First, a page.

|Here she is holding a dagger.
Battista Dossi, 1486
The Borgias were a prominent family in Renaissance Italy who are remembered in infamy to this day. Although they produced two popes (Callixtus III and Alexander IV) and contributed to the Renaissance as major patrons of the arts, they are remembered for the crimes there were accused of committing, including but not limited to: adultery, incest, murder, bribery, simony, theft, and poisoning. The lives of the family of Pope Alexander IV were so sensational, in fact, that Showtime made a series about them (If you enjoy good looking men in leather trousers running about garroting people, it’s on Netflix).
Pope Alexander IV’s daughter, Lucrezia (1480 – 1519), was a renowned beauty and may have been the subject of many great works of art, although she only has one confirmed portrait. She was described as having “heavy blonde hair which fell past her knees; a beautiful complexion; hazel eyes which changed color; a full, high bosom; and a natural grace which made her appear to ‘walk on air.’”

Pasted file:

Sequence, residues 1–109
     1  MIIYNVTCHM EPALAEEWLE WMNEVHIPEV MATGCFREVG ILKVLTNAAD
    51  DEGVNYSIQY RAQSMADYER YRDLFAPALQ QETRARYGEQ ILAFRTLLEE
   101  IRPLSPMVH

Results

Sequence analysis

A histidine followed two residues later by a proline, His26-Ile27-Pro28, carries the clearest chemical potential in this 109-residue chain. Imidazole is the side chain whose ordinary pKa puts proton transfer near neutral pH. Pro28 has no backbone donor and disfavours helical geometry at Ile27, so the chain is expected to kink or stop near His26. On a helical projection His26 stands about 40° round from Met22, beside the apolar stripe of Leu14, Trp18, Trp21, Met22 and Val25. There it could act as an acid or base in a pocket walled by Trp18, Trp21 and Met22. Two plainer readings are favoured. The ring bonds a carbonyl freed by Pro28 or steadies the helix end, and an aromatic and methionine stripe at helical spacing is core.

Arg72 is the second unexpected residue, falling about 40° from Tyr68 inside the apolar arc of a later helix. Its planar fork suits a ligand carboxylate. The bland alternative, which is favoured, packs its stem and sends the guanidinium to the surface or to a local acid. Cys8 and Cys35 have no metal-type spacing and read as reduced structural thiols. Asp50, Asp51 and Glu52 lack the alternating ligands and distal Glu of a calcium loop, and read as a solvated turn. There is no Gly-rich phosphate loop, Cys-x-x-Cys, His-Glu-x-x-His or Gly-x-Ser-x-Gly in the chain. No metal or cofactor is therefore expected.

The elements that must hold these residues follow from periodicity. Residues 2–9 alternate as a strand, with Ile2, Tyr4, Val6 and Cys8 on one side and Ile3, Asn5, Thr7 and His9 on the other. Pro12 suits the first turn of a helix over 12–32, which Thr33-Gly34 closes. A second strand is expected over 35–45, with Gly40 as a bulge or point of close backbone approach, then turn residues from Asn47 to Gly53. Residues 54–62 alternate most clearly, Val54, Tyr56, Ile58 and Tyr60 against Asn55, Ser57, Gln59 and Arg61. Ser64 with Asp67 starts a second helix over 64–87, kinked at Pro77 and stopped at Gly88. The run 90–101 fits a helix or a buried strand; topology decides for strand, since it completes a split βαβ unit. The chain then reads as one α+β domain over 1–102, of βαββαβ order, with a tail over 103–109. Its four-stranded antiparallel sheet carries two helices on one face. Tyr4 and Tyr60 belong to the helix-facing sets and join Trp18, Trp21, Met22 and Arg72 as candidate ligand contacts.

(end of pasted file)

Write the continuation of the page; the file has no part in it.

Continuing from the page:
She was blonde, but she was Spanish by descent and the rest of her family was dark, so how did the most famous femme fatale of the Renaissance lighten her hair before there was Clairol?
|Portrait of a Woman by Bartolomeo Veneto, detail|
It’s generally believed that this color was achieved by rinsing it in a mixture of lye and lemon juice before exposing it to sunlight. The longer it was exposed, the lighter it would become. This process would take a long time for anyone, but imagine how much longer it would take if your hair fell past your knees. To give you some idea, there is an account that on one occasion, Lucrezia postponed a journey for days just to wash her hair. (1)
She wasn’t the only one doing it, either. Bleaching recipes were common in medieval cosmetic texts, and most of them include using lye or ashes in a rinse. There must have been something to it, because the practice of lightening hair with lemon juice has remained popular to this day. Elle Magazine even has a helpful guide to lightening your hair with lemon juice and sunlight a la Lucrezia Borgia, only they’ve replaced the lye with chamomile tea for a less caustic rinse. Whether you want to follow in the footsteps of your smokin’ hot foremothers or you’re just curious, you can read their recipe here.
A lock of Lucrezia’s famous blonde hair is kept in the Ambrosian Library in Milan to this day.
(1) Pointer, Sally. The Artifice of Beauty. Sutton Publishing, 2005.